By Ron Leir
Trees and scouts: perfect together.
So it would appear, judging from the partnership of the Kearny Department of Public Works and Cub Pack/ Troop 305, Boy Scouts of America, in a tree planting organized as part of the town’s annual Arbor Day observance.
And, not to forget a singular contribution made by a particular member of Troop 305, (based out of St. Stephen’s Parish), who did a survey of trees on town-owned properties in the Third Ward last summer. More on that – plus a related endeavor – later.
First things first: As explained by DPW Director Gerry Kerr, “Every year around this time, we try to get local organizations involved in a tree planting to celebrate Arbor Day and Earth Day to encourage community involvement for a greener town.”
(By the way, Kearny has been designated a national Tree City for the past 36 years so that must prove something about its dedication to beneficial forestry. Yes, we know about the thinning out of part of the Manor section by some 20 trees this past fall but that was recommended as a safety move by an agronomist.)
Recalling that the scouts of St. Stephen’s were eager volunteers for the recent Passaic River cleanup project, Kerr reached out to Scout Committee Chairman Tom Gingerelli for an assist from his boys and they readily agreed.
So, on April 21, Kerr picked an appropriate planting spot in Riverbank Park, along Passaic Ave., just north of the Columbus Day memorial statute, and the paired DPW crew and five scouts (Jason Gingerelli, Joseph Pepe and Logan Pepe, all from the pack, and Tom Gingerelli and John Dec, both from the troop) set to work. “My guys dug the hole and the scouts helped with repacking the soil around the tree and applying mulch,” Kerr said. “Then my guys finished with putting in stakes and ‘gator’ or water bags that keep the planting moist.”
The project took only about 30 minutes to complete but that just goes to show how efficiently it was prepped.
Kerr described the new planting, purchased from Terry Nursery of Clifton, as a “good, hardy white oak – the kind of tree more suitable to a park and one that will produce a nice canopy effect.”
Planted at a height of 6 feet, it is expected to grow to 30 to 40 feet at full maturity, Kerr said. How long will that take? “I don’t think I’ll be around to see that,” he quipped.
Scout Chairman Gingerelli pointed out this hasn’t been the only community project in which many of his 61 scouts have participated this year. They’ve volunteered at the Kearny Community Garden, ran their own personal river cleanup project on Sept. 7 and on April 6, 22 scouts collected 11,000 non-perishable food items from donors at ShopRite, Seabra’s and Wal-Mart which they distributed to four local food pantries.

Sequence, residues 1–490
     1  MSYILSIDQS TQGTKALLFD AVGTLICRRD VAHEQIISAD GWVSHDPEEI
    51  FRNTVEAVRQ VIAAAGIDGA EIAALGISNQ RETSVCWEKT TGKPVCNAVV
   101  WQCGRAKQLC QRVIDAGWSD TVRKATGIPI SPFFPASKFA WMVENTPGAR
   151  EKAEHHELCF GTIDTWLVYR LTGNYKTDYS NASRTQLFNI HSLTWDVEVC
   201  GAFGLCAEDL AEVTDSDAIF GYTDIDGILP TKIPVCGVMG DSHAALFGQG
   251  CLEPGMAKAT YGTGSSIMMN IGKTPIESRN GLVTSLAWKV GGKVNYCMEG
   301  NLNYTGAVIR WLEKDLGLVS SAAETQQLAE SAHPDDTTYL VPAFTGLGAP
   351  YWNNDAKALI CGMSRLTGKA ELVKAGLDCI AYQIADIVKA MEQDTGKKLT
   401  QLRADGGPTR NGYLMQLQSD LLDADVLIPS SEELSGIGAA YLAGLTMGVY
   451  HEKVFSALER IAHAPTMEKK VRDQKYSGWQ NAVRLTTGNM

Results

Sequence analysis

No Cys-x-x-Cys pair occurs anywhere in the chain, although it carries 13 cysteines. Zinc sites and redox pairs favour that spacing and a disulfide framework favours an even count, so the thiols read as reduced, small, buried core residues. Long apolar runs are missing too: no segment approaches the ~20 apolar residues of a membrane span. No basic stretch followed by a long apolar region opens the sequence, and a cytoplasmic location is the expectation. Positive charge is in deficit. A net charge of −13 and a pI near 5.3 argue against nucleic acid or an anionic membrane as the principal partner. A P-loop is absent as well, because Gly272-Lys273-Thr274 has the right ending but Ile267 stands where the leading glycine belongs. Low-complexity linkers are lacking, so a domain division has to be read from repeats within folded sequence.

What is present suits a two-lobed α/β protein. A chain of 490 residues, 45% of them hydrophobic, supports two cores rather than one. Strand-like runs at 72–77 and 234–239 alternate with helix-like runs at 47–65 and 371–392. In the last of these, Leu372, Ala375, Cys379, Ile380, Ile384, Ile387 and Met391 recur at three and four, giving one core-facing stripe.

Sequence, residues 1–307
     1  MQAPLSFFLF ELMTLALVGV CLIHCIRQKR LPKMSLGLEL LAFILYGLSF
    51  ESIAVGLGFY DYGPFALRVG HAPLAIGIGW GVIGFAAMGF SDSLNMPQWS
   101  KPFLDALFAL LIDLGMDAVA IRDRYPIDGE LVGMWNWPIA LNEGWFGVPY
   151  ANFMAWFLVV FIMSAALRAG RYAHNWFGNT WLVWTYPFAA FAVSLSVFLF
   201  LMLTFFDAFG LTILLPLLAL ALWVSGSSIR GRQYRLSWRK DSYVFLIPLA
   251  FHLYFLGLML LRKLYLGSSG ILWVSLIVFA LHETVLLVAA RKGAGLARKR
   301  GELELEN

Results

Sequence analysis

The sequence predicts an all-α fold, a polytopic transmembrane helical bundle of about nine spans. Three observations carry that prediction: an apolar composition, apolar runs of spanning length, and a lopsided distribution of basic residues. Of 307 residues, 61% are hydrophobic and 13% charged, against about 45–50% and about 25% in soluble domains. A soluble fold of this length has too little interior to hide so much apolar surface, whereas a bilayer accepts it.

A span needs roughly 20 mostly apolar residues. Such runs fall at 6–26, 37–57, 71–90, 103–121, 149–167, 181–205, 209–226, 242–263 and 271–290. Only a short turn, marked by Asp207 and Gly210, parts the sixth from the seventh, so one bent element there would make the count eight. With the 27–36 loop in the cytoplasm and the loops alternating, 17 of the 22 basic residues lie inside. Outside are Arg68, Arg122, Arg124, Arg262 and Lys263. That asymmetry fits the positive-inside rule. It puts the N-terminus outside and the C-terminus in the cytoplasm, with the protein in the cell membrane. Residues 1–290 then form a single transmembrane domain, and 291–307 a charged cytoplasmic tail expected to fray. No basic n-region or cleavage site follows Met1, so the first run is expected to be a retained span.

Last summer, Ken Lindenfelser, 18, a member of the same St. Stephen’s scouts unit which he joined at age 7, contributed to the cause of preserving Nature by leading a small group of scouts and friends on a mission suggested by Kerr: rating the health of the street trees spread among the town’s Third Ward where he lives. It was considered particularly useful since, as Lindenfelser noted, the weather conditions from the winter and Sandy had degraded many of the trees.
Not that Lindenfelser, now a freshman at Loyola University Maryland leaning to a major in biology, was an expert in forestry. “Gerry told me what to look for as signs of a diseased tree,” he explained. Of the 1,377 trees his team counted, they found “a few” dead but, of the rest, most were in the “1 to 3 range, with 1 being the best and 5 the worst, he said.
In recognition of the project he led, Lindenfelser will be honored as an Eagle Scout, as will Troop 305 member Nick Fabricatore, who led 15 colleagues on a four-day project re-doing hand railings around St. Stephen’s Church and repainting the parish garage. Fabricatore, 18, in scouting since he was five, now serves now as an assistant scoutmaster. He’s in his second semester at Essex County Community College and focused on music. He sings and plays guitar as a solo act and he performed recently at Michael’s Rosscommon House in Belleville.
Final note on trees: Kerr said his department will be planting 50 new street trees around town this spring. “We’ll try to plant in those locations where we’ve removed trees but in those instances, we have to wait for the remaining stump to decay before we plant. Residents with tree requests can call the DPW at 201-998- 3700 or email me at firstname.lastname@example.org.”
For those new plantings, Kerr said he’s ordered 10 Ruby Slippers (a type of maple), 10 Pyramidal European Hornbeams, 10 Columnar Cherrys, 10 Crimson Pointe Plums and 10 Japanese Tree Lilacs (similar to the trees prevalent on Kearny Ave.).
All should grow to a height of 20 to 25 feet over a period of years and are designed to provide shade, he said.